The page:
Planned obsolescence (or also referred to as built-in obsolescence) is a term used in economics that describes a strategy of developing devices that has limited useful (life)time. It means it will become “obsolete” (not functional or not trendy) after a period of time. For obvious reasons, companies avoid any information about this.
But this phenomenon is not so unknown. As early as 1932, an American businessman, Bernard London, published a brochure entitled “Ending the Depression Through Planned Obsolescence”. Planned Obsolescence is an industrial strategy, where the manufacturer deliberately “builds” a certain defect into a technical product. The purpose of such manipulation is to let the product-device to be broken after a certain period of time. As a result, the customer is forced to buy a new device, which supports the trade in industry. Unfortunately, it is hard to mention a built-in defect in new devices. The algorithms are so brilliantly verified that you cannot draw a line between this phenomenon and ordinary wear and tear.
The first bulbs that went on sale had a service life of about 1500 hours. 30 years later, only light bulbs that had a lifespan of up to 2500 hours were in sale. Soon, after everyone realized that, all lamp-manufactures have started selling lamps that have a service life of about 1000 hours or less.
Theoretically, almost any faulty and broken device can be repaired and it’s unnecessary to buy an expensive new product immediately. But, because of the built-in obsolescence, devices don’t just “break down”. It is specially designed so the error is basically unable to be repaired…
In a Homepod you will have to destroy the covering in order to gain access inside
- The housing body of many devices is now held on glue, but not screws. That means not only “to open”, but also “to close” the device after is very difficult task.
- The built-in batteries in smartphones, can hardly be serviced at home. Consequently, when the battery is irreversibly broken down, you need an expensive repair. It either begins to degrade or lose most of its capacity after 500-800 recharge cycles. As a result, you either have to change the gadget or always take a charger with you.
- Chips limiting lifetime. For example, printers and cartridges have this trick where manufacturers used to install chips that accounts for the consumption of ink. In doing this, the device’s service time can be easily manipulated. The manufacturer initially built-in a limited period of time, after which the device informs that it can no longer function. In reality, the printer can still work fine. Also, accounting microchips that control and manage print operations, may block the printer when the number of printed pages specified by the manufacturer is reached. Enthusiasts released special utilities for surpassing this.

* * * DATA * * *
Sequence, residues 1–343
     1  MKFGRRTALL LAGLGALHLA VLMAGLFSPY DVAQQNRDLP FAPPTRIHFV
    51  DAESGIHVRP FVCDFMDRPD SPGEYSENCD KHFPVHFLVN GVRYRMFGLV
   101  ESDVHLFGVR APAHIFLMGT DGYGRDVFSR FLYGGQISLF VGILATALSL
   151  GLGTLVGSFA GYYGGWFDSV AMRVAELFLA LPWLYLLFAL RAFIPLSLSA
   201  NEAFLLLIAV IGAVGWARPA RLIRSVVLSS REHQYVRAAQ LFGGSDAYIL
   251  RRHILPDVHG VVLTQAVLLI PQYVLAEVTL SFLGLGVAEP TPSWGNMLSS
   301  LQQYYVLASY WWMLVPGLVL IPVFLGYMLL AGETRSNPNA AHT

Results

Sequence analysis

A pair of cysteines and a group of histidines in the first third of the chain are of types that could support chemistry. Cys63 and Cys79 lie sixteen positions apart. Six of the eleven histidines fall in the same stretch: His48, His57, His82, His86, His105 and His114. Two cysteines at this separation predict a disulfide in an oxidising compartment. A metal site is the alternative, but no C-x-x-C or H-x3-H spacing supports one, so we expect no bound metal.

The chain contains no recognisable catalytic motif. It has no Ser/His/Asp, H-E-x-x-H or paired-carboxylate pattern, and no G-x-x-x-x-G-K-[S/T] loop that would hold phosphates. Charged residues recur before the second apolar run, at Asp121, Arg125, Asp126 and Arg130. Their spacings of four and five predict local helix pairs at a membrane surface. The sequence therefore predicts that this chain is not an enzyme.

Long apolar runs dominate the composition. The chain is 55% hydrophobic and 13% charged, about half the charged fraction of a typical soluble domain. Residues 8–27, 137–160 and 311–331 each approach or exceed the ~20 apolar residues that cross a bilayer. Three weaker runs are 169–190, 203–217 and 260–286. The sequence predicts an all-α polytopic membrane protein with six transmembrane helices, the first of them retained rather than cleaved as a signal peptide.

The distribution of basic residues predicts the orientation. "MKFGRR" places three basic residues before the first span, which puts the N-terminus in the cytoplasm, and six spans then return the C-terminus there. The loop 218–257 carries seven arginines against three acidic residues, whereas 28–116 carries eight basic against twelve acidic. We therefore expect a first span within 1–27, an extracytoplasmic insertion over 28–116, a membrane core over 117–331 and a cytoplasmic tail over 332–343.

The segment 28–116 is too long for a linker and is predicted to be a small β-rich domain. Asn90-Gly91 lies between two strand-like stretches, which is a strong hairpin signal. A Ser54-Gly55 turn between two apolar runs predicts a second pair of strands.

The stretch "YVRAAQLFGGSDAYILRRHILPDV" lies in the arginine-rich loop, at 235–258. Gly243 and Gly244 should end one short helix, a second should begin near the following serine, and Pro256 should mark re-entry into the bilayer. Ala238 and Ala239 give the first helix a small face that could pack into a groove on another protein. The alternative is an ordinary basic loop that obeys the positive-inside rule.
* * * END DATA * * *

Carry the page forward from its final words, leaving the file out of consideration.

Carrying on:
- The incompatibility of new connectors with older devices forces customers to purchase unnecessary parts and equipment, even if the old ones are fully functional. The first-generation connector of the Intel Core processors has 1156 contacts (LGA 1156), but the second-generations have 1155 (LGA 1155). As a result, owners of the system blocks old motherboards, and therefore forcing them to buy a new motherboard in order to upgrade the processor. Even though the physical connectors for the processor installation are almost the same.
- Cheap power-carrying components in electronic devices often cause a breakdown. An electrolytic capacitor, intentionally installed near the “hot components”, may eventually lose its properties and “swell” under the influence of high temperatures. In this case, you have to replace it yourself or contact a service center.
- The monolith and slate design of smartphones make even the simplest repairs difficult. It is enough to glue or weld two parts of the body to make disassembly impossible if you need to replace a cracked touchscreen or LCD display.
- Gentle algorithms for the operation of microcircuits that controls the charge of the battery can use operation algorithms, causing the battery to be substantially undercharged near the end of its life cycle..
Apple’s iPad battery replacement is very difficult even for professionals because an expensive front panel (display and touchscreen together) should be removed first. Without any issues and damage of course…
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